3.1. Psychological Factors

The traditional approach has in part focused on performance psychology to assist the athlete in their sporting pursuits. The psychologist has traditionally been more clinically oriented with only the occasional foray into the competition and training domains. Athletes often only sought assistance from a sports psychologist after some issue presented itself that caused problems at a personal or group level. In more recent times, psychology has broadened substantially to address a wide range of settings and issues. Mental toughness is often seen as an important factor and it appears that triathletes get stronger in this regard as they mature and obtain more race experience [74]. Another promising area is how athletes cope with mental fatigue arising from high level training and competition, and/or in combination with other lifestyle stresses [75]. Future work in mental fatigue will identify strategies for improving the ability of athletes to meet both the acute and chronic mental demands of high-volume training. Until recently, mental health issues were largely dealt with individually (in a private setting) and rarely in a team or public domain. Psychological skills training is increasingly undertaken proactively by athletes, while mental health issues are being dealt with in more confidence [76] and, in some high profile cases, chronicled in the public domain. It should be emphasized that sports and physical activity can be a positive factor in health-related quality of life in college-age individuals [77], so it is a matter of balancing the positive and negative factors of high level involvement in triathlon.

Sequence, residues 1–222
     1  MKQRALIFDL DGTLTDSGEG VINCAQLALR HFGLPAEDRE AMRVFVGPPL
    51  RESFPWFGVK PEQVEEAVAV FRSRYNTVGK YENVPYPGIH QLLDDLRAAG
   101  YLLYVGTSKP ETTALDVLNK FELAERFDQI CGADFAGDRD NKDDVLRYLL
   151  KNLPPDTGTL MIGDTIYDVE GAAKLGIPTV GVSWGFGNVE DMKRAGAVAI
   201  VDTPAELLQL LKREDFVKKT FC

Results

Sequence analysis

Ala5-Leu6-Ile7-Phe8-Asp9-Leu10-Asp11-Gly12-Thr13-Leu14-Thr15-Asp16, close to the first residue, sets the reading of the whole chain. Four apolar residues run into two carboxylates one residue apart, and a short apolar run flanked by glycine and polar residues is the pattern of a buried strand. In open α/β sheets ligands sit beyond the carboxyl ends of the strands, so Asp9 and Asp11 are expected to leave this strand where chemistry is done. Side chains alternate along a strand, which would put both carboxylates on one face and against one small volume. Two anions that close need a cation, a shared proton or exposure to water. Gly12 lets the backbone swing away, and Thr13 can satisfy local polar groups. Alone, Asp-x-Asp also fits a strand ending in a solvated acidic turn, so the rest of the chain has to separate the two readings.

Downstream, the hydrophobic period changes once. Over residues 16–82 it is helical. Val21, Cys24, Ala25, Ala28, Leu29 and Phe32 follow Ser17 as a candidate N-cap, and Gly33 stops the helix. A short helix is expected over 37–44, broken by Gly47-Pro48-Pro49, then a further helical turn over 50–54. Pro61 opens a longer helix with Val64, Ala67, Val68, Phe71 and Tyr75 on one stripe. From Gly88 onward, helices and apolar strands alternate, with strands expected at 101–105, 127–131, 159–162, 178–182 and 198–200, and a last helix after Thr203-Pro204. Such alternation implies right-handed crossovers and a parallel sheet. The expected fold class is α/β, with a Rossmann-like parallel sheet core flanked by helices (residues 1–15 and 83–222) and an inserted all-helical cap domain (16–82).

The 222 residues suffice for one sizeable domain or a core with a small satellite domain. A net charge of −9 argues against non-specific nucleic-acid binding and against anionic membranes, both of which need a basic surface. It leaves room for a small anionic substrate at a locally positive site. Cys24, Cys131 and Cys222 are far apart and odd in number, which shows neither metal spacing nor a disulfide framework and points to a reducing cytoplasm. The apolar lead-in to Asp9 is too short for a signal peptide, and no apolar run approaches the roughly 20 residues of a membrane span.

3.2. Training

Although the demands of training and competition are well understood, there are still coaches and athletes wedded to the more-is-better training philosophy. Progressions in training load should be periodized rather than strictly linear in nature, whatever the race distance. A range of external training load factors and baseline characteristics have been associated with an increased rate of injury and/or pain in endurance sports [78]. In contrast, more work is needed on effective markers of internal training loads. Somewhat contrary to common perception, the relationships between training volume and injury are more complex than a simple linear relationship between risk factors and occurrence of common injuries [79]. Work is now progressing on more uniform definitions and terms, better measures of internal and external training loads, and more sophisticated data analytics to improve the understanding of relationships between training and injury/illness risk. This information is needed to update current knowledge and prepare practical guidelines for the triathlon community.

3.3. Nutrition